“The laws that Mr Gulaptis wants to tear up were drafted well before the summer bushfires, which killed thousands, wiped out local populations and pushed many others closer to extinction."


Kyle Sandilands 'overstepped the mark' with Virgin Mary comments, says watchdog

Commercial radio presenter Kyle Sandilands breached standards of decency with last year's on-air comments about the Virgin Mary, according to a ruling handed down this week by the Australian media watchdog.

The remarks were made in September 2019, with Sandilands questioning whether the Virgin Mary was indeed a virgin and suggesting people who believe in the Bible's story of immaculate conception were "dumb as dog s---".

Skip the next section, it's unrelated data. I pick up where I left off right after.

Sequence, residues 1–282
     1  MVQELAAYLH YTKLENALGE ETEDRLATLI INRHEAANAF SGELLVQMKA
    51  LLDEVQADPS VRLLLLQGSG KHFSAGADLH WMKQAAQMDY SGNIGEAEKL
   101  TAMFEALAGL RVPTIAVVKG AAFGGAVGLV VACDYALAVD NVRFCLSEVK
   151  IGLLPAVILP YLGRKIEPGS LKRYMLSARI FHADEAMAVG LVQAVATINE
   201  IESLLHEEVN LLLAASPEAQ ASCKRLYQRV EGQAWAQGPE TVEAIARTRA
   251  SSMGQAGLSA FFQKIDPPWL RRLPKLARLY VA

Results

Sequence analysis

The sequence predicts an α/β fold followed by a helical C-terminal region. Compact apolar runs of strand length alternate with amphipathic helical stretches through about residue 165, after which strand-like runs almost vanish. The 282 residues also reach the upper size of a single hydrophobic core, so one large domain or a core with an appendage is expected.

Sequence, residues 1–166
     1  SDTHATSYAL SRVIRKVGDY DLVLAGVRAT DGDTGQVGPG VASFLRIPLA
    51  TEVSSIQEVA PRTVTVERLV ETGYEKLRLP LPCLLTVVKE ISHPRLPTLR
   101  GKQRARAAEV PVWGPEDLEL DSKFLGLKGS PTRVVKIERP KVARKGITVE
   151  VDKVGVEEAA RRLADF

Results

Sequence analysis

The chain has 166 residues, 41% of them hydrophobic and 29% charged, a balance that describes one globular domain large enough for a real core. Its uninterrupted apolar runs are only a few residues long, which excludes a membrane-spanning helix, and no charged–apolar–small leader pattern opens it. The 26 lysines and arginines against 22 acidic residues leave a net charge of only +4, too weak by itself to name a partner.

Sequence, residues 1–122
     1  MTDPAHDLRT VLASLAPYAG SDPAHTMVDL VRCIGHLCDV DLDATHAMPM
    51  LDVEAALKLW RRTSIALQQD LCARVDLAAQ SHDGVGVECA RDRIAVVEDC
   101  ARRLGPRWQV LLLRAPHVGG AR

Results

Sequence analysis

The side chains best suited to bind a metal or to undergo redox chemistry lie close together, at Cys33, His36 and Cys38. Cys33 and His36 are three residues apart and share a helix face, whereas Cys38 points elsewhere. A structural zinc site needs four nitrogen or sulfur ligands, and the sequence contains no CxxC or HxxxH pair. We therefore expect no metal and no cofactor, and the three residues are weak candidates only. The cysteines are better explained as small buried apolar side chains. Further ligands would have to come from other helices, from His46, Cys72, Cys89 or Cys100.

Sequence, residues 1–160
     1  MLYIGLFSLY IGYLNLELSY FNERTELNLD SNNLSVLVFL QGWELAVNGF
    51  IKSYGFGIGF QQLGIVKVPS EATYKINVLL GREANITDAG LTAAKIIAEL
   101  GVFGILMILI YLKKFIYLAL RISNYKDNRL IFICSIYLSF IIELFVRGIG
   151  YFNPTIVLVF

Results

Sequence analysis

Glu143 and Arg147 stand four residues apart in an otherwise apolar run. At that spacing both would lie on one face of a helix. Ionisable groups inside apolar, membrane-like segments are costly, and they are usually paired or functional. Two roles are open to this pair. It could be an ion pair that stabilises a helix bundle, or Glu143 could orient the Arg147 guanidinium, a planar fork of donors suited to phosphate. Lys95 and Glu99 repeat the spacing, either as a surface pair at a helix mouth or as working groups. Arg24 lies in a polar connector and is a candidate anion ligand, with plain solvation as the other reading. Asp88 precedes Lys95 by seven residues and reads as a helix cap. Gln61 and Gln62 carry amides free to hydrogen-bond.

Australian Communications and Media Authority chair Nerida O'Loughlin said the broadcast offended religious listeners as well as the wider community. However, claims the broadcast incited hatred and ridicule towards Christians were not upheld.

ACMA examined 180 complaints as part of its investigation. In comparison, just over 125 complaints were scrutinised in regards to Alan Jones' comments in August last year about New Zealand Prime Minister Jacinda Ardern.

"Australians are generally tolerant of irreverent humour and critical discussion about religion," Ms O'Loughlin said. "But they would not expect a host of a broadcast program to derisively criticise people's intelligence because of their religious beliefs.

"Mr Sandilands overstepped the mark in terms of the generally accepted standards of decency in this case."

A spokeswoman for ARN, the owner of radio stations KIIS, WSFM and Gold, said the broadcaster accepted the findings.


 Posted by John J. Ray (M.A.; Ph.D.).    For a daily critique of Leftist activities,  see DISSECTING LEFTISM.  To keep up with attacks on free speech see Tongue Tied. Also, don't forget your daily roundup  of pro-environment but anti-Greenie  news and commentary at GREENIE WATCH .  Email me  here